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Works and Days

Strangers in a Stranger Land

April 8th, 2012 - 4:00 pm

I am further confused: did Bill Gates’ extravagant mansion rob the rest of us (how many of us paid too much for Microsoft Word to pay for his indulgent investment?). Does Warren Buffett’s jet mean that the rest of us have less jet fuel as we sit cramped back in the tail section? Why does James Cameron get his own submarine to explore the ocean; could he not instead have cut the ticket price to his movies? Can we all go to Costa del Sol or Martha’s Vineyard; how many cruise missiles paid for that? What are the criteria that suggest some of the above is corporate jet-setting and some is not, when do pigs walk on four and when on two legs?

But this alternate reality is not just political, but also social. This week I read in local papers of a supposed flight from the San Joaquin Valley by the more affluent, either out of state or to the other California that is the coastal corridor from San Francisco to San Diego. The interior we are told is emptying out, keeping unemployment high and housing prices low. But the wire services also assured us that our net population did not dip, given the role of “international arrivals.” So was there an influx from Switzerland or Kenya into California that I was not aware of? Are we back to “overseas contingency operations” and “man-caused disasters”?’ Did Major Hasan lose it in a workplace rage?

In the tragic Trayvon Martin case almost everything that I saw or read for nearly two weeks seemed to me not quite true. As the days wore on, why did the narrative keep changing? Trayvon was not any longer the slight, preteen in a football uniform as his most widely disseminated photo suggested; that information matters as much or as little as information that George Zimmerman had a prior run-in or two with the authorities. Martin was not outweighed by his shooter by 100 pounds. He was not a model student; and George Zimmerman probably did not run him down in efforts to execute him. Zimmerman probably did not utter a racial epithet. To the extent that he sounded insensitive, it was largely due to a doctored NBC tape (NBC said that it was an inadvertent error but why did it err to bolster rather than weaken the media narrative? [fake but accurate?]). Zimmerman really did suffer a head injury. The latter was half-Hispanic; but the original white-on-black crime narrative was nevertheless somewhat salvaged with the new rubric “white Hispanic.” I used to think that the idea of re-arresting someone when probable cause is still in doubt was not a compromise solution to finding out the facts.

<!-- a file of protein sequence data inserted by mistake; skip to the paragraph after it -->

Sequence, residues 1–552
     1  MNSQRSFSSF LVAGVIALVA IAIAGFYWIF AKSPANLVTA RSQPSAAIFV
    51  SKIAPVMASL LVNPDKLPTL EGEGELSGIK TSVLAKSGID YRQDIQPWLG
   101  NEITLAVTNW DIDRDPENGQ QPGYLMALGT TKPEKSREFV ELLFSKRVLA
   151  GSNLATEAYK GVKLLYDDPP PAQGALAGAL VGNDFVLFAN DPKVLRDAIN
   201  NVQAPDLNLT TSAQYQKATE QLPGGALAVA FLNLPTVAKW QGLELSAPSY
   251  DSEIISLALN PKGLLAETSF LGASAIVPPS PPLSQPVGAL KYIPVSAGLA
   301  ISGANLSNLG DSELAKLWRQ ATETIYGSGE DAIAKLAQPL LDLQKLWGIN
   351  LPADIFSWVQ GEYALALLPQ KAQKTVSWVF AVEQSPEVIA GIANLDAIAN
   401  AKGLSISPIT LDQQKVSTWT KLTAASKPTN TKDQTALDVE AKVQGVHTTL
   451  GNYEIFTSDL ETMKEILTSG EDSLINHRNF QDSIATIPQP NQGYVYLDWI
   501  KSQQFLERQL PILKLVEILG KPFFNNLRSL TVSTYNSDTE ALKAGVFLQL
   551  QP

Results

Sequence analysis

Putting a bounty on someone’s head is not a crime? Posting a private address to followers for the intent to foment violence against the residents is not either? Nor is doctoring a tape to inflame racial tensions in a period of unrest a terrible thing to do. For congressional representatives to label someone not charged with a crime an assassin or executioner is not considered bad taste and draws little rebuke.

These are the narratives that for purposes of social justice now become reality, but tomorrow, next week, next month, next year?

Who knows? “Truth,” after all, is not the Socratic absolute, but a socially constructed commodity, defined by power and predicated on race, class, and gender, concerns that can be made to serve the greater good, if adjudicated by — well, again, fill in the blanks.

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